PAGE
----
Dylan Fosnacht of Rochester (Wash.) High School worked 14 of the team’s 17-inning victory on Tuesday, racking up 17 strikeouts on 194 pitches. Yes. 194 pitches.
If 194 sounds like a lot of pitches, it is, even at the major league level. Since 1914, there have been only six games in which a pitcher has thrown 190 or more pitches in a game, and none since Sandy Koufax in 1961.
“He never really got too deep into counts to anybody,” Rochester Coach Jerry Striegel said Thursday in a telephone interview. “He did not lose any velocity. Things had not changed for him. We talked about it every inning, not only with him but with our two assistants, and just had decided he was strong and could keep going.”
“Everyone is different,” explained Glenn Fleisig, research director for the American Sports Medicine Institute, which was founded in 1987 by orthopaedic surgeon James Andrews. “One hundred ninety four pitches for one kid might be the same as 160 for some other kid or 250 for some other kid because everyone is a little different. Needless to say, 194 pitches is an awfully high number of pitches for one game.”
The American Sports Medicine Institute studied 476 baseball pitchers ages 9 to 14 for one season and found “there was a significant association between the number of pitches thrown in a game and during the season and the rate of elbow pain and shoulder pain.” The group did a 10-year study to quantify the cumulative incidence of throwing injuries in young baseball pitchers that recommended “pitchers in high school and younger pitch no more than 100 innings in competition in any calendar year.”
“I think he has probably thrown about 25 innings on the season” until Tuesday’s 194-pitch game, Striegel said. “We consider him our number two starter. We play three games a week, so generally he gets one start a week. He really didn’t start playing until the first of April.”
While it doesn’t appear Fosnacht carries a heavy workload in terms of innings or pitches on a regular basis, throwing an overabundance of pitches during a start could cause long-term damage.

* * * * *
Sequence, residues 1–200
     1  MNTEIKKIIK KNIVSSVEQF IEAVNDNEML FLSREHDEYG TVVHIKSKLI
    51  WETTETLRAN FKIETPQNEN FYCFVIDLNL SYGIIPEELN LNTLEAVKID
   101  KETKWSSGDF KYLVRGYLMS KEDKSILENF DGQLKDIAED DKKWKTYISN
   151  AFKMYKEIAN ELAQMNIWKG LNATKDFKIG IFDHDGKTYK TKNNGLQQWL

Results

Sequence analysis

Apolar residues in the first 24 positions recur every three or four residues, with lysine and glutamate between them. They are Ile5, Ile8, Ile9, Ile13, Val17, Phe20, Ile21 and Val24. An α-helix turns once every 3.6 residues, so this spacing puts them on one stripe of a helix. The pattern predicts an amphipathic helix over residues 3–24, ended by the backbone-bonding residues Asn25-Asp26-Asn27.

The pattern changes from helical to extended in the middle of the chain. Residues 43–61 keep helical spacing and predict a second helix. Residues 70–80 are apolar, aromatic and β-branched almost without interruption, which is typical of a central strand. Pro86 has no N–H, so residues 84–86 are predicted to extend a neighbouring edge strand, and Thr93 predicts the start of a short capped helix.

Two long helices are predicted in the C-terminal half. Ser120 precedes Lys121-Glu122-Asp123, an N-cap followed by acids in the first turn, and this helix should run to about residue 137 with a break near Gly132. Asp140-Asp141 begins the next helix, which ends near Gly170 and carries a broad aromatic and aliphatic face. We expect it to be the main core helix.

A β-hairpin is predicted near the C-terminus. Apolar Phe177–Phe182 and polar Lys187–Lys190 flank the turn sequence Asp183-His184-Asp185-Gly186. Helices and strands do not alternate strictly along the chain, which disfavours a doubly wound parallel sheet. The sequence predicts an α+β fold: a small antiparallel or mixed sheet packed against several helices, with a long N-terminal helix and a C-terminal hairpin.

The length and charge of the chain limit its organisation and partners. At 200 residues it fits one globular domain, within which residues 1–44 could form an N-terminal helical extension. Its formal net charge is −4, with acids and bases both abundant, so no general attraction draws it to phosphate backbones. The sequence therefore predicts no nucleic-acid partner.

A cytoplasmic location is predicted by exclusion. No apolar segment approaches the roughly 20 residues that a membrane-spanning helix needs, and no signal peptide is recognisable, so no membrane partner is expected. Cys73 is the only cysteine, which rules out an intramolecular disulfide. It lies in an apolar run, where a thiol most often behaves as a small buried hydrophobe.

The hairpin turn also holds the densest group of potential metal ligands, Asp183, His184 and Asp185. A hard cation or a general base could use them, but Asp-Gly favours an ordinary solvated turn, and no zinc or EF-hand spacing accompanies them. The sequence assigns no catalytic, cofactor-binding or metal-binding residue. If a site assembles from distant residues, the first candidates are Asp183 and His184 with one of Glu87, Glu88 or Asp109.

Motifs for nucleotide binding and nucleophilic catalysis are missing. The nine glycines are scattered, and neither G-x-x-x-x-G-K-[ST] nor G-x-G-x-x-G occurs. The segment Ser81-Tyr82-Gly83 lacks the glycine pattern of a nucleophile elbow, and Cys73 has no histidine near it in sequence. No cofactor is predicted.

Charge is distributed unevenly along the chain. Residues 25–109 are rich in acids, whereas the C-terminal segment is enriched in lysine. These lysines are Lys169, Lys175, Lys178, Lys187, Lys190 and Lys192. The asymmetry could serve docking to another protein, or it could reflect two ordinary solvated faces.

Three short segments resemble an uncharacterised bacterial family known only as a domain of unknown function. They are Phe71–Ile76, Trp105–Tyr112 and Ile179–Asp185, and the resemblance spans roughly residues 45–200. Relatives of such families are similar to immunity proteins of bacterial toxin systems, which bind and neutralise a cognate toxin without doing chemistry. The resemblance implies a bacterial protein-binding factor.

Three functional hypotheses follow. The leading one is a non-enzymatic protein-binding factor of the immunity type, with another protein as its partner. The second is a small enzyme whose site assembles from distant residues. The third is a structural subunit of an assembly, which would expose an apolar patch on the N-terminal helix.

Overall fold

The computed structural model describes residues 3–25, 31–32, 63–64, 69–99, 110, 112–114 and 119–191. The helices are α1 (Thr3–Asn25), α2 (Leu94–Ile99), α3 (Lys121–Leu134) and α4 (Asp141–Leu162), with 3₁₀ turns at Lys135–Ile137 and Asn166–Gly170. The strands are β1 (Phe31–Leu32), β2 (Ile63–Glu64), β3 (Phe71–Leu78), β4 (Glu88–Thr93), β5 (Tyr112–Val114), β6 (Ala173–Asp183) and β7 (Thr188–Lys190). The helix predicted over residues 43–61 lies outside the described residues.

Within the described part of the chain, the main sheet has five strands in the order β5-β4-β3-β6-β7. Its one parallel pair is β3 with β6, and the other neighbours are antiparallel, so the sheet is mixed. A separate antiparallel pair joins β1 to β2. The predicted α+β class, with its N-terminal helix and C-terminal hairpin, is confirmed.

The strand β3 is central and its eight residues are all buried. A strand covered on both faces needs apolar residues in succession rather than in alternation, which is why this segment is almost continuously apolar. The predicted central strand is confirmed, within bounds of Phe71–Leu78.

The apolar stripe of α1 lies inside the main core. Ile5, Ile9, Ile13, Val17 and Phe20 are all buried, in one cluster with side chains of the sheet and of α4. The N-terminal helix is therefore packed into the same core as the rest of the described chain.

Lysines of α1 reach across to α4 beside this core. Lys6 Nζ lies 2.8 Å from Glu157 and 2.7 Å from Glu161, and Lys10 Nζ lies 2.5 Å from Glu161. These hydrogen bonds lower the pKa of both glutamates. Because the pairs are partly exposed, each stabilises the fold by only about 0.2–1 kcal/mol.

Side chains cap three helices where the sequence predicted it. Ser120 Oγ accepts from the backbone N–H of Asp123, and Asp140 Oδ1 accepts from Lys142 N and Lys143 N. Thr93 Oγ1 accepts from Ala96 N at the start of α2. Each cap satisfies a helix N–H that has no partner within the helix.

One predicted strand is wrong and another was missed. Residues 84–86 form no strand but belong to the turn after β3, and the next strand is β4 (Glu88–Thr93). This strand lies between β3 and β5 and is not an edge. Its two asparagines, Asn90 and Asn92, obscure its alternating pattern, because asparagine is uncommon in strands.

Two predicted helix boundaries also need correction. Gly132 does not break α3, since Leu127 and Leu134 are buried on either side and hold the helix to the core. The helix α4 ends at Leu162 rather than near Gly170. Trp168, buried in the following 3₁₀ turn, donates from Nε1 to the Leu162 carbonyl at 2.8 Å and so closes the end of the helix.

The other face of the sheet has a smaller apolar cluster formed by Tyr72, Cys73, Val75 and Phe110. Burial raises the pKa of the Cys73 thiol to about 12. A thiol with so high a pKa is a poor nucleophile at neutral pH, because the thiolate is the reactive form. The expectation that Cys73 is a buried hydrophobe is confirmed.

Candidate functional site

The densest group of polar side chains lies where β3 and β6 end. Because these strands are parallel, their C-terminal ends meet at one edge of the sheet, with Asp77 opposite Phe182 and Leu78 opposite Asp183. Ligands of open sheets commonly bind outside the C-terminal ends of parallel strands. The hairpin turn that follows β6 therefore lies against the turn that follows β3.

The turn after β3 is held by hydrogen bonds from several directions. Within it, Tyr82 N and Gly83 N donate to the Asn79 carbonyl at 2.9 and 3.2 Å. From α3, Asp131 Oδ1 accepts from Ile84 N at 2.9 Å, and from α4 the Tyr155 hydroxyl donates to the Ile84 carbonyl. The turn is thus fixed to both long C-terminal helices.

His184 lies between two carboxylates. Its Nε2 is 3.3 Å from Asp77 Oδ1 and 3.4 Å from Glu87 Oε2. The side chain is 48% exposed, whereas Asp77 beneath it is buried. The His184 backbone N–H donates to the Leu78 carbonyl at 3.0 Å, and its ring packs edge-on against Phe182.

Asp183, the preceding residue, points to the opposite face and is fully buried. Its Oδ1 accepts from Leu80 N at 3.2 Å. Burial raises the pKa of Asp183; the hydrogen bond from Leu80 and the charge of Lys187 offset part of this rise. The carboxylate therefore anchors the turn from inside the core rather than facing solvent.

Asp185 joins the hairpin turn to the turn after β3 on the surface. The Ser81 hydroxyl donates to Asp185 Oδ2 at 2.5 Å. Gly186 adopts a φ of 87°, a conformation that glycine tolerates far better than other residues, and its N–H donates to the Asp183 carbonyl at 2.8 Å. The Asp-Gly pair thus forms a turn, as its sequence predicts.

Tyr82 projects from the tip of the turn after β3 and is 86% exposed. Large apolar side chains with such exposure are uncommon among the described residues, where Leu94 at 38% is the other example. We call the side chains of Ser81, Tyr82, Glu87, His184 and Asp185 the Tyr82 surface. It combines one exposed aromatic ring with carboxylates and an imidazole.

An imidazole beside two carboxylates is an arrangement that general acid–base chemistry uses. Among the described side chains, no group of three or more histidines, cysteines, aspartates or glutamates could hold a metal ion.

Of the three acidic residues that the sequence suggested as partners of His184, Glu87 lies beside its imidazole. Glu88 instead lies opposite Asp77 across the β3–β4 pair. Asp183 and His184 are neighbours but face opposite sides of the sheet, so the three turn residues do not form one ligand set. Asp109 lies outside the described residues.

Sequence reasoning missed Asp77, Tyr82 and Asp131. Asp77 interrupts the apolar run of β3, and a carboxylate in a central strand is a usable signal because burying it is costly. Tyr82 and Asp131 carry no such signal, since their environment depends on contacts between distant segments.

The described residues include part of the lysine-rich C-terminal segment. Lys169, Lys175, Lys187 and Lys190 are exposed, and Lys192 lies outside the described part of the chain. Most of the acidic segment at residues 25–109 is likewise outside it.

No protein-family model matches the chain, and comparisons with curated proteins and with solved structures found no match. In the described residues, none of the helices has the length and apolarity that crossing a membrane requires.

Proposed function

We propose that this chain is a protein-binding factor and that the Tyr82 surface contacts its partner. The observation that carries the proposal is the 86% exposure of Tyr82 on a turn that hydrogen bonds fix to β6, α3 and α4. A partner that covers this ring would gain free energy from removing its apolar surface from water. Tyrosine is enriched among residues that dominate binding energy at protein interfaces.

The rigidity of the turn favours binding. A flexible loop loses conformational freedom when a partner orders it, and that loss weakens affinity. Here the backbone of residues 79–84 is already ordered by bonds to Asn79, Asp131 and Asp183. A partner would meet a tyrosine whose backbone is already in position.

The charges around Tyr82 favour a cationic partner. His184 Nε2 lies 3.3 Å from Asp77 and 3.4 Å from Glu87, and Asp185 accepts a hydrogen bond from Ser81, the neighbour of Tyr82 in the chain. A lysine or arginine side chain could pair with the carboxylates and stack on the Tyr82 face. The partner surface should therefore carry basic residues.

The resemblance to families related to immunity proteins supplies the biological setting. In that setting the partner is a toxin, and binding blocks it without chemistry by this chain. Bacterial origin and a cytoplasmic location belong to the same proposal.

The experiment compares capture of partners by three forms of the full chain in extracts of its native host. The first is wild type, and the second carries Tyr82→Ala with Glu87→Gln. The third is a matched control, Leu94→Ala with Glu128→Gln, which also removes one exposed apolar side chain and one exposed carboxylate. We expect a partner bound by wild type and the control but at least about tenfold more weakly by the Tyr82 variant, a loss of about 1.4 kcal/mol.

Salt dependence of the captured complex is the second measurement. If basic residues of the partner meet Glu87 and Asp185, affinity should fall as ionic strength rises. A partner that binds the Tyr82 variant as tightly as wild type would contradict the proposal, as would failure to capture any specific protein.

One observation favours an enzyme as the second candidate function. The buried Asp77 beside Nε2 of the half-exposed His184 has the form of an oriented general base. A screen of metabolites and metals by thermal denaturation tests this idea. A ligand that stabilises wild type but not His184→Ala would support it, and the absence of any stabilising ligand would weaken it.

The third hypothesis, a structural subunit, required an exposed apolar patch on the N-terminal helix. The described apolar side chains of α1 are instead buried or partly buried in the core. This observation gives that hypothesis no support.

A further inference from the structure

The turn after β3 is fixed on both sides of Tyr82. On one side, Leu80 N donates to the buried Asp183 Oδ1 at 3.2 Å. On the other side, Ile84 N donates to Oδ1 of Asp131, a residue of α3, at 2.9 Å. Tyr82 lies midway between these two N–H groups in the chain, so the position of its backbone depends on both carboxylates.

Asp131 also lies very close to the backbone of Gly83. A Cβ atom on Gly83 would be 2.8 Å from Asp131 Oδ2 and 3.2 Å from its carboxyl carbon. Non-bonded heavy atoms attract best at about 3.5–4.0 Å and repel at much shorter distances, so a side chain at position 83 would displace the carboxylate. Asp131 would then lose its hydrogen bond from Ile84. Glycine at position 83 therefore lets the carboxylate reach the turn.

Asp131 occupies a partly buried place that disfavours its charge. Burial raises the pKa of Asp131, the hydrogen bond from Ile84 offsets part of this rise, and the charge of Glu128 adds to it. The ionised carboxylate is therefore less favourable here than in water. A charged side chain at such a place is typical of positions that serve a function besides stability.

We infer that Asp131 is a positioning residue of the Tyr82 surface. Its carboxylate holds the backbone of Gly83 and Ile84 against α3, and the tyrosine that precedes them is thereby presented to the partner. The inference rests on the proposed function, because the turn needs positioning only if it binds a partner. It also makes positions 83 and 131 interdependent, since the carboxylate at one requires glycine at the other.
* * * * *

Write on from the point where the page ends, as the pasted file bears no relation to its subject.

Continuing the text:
“Let’s say you pitch a moderate amount — whatever moderate means — you get these microscopic tears, and then you rest; your body repairs them,” explained Fleisig. “However, if you pitched a lot one day and then a few days later it is your turn to pitch and your body hasn’t repaired, you are starting the game with some damage. And whatever you pitch today is going to build on last week’s damage. If you do so much damage or don’t allow it to rest, these tears are actually too big to recover. You can rest a week or 10 years and you will not recover. The tears just become too big to repair.”
People might criticize me throwing 14 innings, but I’m going to do whatever it takes to win — Dylan Fosnacht (@DFosnacht5) May 14, 2014
“That is what Dylan would do,” Striegel said when I read him Fosnacht’s tweet. “That’s what I would expect from Dylan. He is a competitor.”
So I won’t be able to pitch in 5 years? Well it’s a good thing I’m a pretty solid middle infielder which is where I play 90 % of the time
— Dylan Fosnacht (@DFosnacht5) May 15, 2014
“People want a guy like that on their team and as a high school boy you feel fairly invincible,” Fleisig said. “In general, it is not just the player, it is the parents and the coach that have to be on the lookout. It’s ultimately, I believe, the parents’ responsibility — especially at the youth level — because coaches come and go, but you are that kid’s parents forever.”